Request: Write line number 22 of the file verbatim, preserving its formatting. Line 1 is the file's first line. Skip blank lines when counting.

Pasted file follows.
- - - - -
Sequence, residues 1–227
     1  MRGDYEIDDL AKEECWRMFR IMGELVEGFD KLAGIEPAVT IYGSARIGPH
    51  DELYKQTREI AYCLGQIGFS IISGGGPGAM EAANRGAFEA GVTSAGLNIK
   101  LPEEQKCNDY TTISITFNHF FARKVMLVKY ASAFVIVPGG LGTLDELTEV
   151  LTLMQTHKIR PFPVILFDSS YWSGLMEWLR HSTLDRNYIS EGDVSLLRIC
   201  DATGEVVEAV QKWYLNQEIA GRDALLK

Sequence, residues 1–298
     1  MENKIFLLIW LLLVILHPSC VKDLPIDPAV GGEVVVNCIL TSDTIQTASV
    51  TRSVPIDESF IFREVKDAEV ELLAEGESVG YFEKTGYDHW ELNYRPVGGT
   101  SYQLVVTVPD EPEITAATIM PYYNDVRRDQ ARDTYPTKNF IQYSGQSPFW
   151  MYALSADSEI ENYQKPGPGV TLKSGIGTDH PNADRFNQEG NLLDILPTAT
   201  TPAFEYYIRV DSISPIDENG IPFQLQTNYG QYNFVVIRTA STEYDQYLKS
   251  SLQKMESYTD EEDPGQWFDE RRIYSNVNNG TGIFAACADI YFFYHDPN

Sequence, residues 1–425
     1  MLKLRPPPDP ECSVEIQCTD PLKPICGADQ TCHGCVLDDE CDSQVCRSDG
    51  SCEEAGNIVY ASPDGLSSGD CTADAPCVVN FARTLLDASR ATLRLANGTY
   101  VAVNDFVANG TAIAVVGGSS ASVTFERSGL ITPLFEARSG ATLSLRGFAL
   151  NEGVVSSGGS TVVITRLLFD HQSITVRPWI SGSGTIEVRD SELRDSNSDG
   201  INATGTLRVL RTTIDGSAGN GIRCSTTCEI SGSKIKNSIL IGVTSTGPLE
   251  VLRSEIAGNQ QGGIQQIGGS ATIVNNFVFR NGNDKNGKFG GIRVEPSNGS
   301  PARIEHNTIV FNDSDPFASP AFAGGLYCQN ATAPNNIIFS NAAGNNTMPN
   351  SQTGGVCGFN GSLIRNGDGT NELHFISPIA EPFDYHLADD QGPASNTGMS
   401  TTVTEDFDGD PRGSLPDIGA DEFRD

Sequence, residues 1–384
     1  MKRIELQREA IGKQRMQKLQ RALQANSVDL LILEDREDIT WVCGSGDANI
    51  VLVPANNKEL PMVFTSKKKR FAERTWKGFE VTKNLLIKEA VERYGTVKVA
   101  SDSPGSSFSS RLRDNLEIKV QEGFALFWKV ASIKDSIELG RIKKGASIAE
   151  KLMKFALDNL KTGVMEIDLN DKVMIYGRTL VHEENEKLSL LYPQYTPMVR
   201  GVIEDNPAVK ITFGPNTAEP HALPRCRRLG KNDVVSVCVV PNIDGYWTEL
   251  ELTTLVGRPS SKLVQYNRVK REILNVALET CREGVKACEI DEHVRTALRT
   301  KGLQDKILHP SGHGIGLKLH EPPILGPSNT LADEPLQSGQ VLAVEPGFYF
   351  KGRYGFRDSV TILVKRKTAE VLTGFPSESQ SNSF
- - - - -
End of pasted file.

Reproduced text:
   351  SQTGGVCGFN GSLIRNGDGT NELHFISPIA EPFDYHLADD QGPASNTGMS